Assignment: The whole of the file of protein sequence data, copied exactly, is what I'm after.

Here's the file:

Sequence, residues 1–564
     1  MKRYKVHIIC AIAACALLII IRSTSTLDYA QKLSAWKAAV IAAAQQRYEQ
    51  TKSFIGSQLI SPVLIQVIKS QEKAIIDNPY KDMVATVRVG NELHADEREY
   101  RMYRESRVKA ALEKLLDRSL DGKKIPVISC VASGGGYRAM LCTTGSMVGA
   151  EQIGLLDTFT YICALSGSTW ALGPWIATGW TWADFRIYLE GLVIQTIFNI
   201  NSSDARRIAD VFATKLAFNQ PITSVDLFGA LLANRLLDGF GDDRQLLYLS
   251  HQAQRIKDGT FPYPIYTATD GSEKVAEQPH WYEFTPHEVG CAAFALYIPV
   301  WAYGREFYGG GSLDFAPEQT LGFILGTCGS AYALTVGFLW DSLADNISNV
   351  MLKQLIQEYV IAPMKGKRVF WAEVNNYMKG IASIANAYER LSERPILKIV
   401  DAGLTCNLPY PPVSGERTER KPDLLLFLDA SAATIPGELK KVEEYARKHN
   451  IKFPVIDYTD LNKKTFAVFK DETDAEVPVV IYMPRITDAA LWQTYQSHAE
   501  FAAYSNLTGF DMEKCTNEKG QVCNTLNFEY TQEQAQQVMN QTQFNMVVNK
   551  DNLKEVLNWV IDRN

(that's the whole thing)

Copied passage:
Sequence, residues 1–564
     1  MKRYKVHIIC AIAACALLII IRSTSTLDYA QKLSAWKAAV IAAAQQRYEQ
    51  TKSFIGSQLI SPVLIQVIKS QEKAIIDNPY KDMVATVRVG NELHADEREY
   101  RMYRESRVKA ALEKLLDRSL DGKKIPVISC VASGGGYRAM LCTTGSMVGA
   151  EQIGLLDTFT YICALSGSTW ALGPWIATGW TWADFRIYLE GLVIQTIFNI
   201  NSSDARRIAD VFATKLAFNQ PITSVDLFGA LLANRLLDGF GDDRQLLYLS
   251  HQAQRIKDGT FPYPIYTATD GSEKVAEQPH WYEFTPHEVG CAAFALYIPV
   301  WAYGREFYGG GSLDFAPEQT LGFILGTCGS AYALTVGFLW DSLADNISNV
   351  MLKQLIQEYV IAPMKGKRVF WAEVNNYMKG IASIANAYER LSERPILKIV
   401  DAGLTCNLPY PPVSGERTER KPDLLLFLDA SAATIPGELK KVEEYARKHN
   451  IKFPVIDYTD LNKKTFAVFK DETDAEVPVV IYMPRITDAA LWQTYQSHAE
   501  FAAYSNLTGF DMEKCTNEKG QVCNTLNFEY TQEQAQQVMN QTQFNMVVNK
   551  DNLKEVLNWV IDRN